Arguably, the future is in a constant state of motion. Everyday, with each technological advancement, we get a little closer to the future. Yet, at the same rate, ideals evolve and the future gets further away. But progress is progress, right?
In this letter, I’ll take you to the near future of death, medicine, and sex.
Something we can’t avoid.
Death is something we can’t avoid. But since the 1960’s we’ve been dreaming of doing just that. Cryonics, the technique of deep-freezing a dead body or brain in liquid nitrogen so that one day the deceased can be brought back to life, is our answer to that dilemma. But right now, nothing about this technique is convincing. There’s only a few people practicing cryonics in the world, and aside from the obvious skepticism of the process actually working, these places charge patients up to $200,000 to bet on the future. And if we find that the method does in fact work, making it a social norm will be a bit of a challenge, because of moral backlash. But, if there’s one thing to be sure about, the process is fascinating. Follow along with a genuine cryonics specialist as he describes the process from start to finish, and the industry as a whole in this interview from Hopes&fears.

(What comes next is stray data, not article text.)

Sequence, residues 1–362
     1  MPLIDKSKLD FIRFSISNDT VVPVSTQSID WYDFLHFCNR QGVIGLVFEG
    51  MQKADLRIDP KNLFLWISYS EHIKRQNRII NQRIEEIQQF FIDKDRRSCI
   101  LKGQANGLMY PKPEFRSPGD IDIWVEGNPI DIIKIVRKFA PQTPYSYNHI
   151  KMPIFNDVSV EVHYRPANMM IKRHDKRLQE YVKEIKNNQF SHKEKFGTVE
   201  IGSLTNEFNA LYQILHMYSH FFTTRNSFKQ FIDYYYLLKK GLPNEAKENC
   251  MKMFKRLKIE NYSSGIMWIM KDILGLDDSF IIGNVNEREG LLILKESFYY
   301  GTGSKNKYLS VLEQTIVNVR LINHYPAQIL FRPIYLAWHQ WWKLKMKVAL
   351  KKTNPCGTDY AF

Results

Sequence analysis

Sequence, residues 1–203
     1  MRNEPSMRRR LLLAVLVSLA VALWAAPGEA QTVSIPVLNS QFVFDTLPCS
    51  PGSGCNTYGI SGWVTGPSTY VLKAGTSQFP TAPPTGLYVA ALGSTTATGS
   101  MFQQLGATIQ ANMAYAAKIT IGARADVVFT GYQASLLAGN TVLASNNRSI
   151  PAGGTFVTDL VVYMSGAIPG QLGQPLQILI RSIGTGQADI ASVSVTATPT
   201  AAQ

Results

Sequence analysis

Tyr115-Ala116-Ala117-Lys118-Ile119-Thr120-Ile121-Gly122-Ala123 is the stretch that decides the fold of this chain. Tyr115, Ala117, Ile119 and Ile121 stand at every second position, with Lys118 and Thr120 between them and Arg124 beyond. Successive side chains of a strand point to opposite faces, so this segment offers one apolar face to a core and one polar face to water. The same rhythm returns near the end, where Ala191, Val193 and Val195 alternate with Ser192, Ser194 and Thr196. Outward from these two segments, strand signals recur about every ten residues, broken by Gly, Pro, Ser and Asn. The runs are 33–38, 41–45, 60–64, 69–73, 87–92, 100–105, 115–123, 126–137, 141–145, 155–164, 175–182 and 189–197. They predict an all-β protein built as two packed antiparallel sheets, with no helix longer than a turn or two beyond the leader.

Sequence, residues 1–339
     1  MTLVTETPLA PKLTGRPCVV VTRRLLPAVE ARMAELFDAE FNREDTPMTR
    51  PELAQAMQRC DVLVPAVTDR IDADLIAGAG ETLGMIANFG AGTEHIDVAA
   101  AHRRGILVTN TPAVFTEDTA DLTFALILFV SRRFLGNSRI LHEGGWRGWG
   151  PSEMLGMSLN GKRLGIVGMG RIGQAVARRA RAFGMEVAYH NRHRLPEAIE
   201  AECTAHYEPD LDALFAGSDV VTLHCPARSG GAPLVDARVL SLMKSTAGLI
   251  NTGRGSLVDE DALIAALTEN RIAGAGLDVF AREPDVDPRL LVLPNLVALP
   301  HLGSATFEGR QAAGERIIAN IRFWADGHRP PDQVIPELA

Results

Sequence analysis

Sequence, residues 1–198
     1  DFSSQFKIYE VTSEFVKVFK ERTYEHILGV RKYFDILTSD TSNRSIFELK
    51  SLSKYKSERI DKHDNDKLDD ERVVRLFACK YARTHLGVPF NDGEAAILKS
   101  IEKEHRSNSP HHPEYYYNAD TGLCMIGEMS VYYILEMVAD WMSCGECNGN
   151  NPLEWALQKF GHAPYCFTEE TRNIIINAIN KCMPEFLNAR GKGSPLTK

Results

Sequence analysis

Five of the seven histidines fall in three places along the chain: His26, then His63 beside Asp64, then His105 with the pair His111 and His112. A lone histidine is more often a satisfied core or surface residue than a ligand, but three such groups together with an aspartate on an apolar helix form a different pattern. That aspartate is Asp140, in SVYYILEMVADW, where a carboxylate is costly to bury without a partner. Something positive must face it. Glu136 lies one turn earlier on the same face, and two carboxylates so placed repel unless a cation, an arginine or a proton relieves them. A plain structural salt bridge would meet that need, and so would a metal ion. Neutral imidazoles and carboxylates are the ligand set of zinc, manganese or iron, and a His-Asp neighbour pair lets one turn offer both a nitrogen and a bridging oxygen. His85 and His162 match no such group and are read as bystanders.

➔ Wait But Why makes the case for why cryonics makes sense.
Virtual Reality (VR for short) is considered the next big thing in entertainment and education by many tech publications and journalists. But others, medical professionals in specific, have bigger plans for the next big thing — medicinal VR. For instance, Argentine psychologist Fernando Tarnogol is using VR to treat phobias, while neurosurgeons at UCLA are using it to build in depth, virtual maps of a patient’s brain before they operate. Though it might not be the most popular, or expected use for virtual reality, it’s looking to be the most beneficial.
Inevitably, sex, our most primal instinct, is becoming more advanced thanks to technology and our innate obsession with sexuality. If the future brings anything that will be accepted into society quicker than the highest speed of the most impressive vibrator, it’ll be high-tech sex. We’re already using our advanced modes of communication for sexual means, why not kick it up a notch? Experts say that future couples, no matter the distance apart, will be using a variety of products to do the deed including VR, holograms, stimulation suits, and robots. But where do you draw the line? Will the future of sex improve our sex life, or utterly destroy it? How long until some people start associating love with Artificial Intelligence? (see: HER). The future looks a little weird from that perspective.
The Internet Traveler
P.S. — Found something interesting on the Internet recently? I’d love to include it in a future letter. Reply to this email or tweet @cjdarnault to submit your links.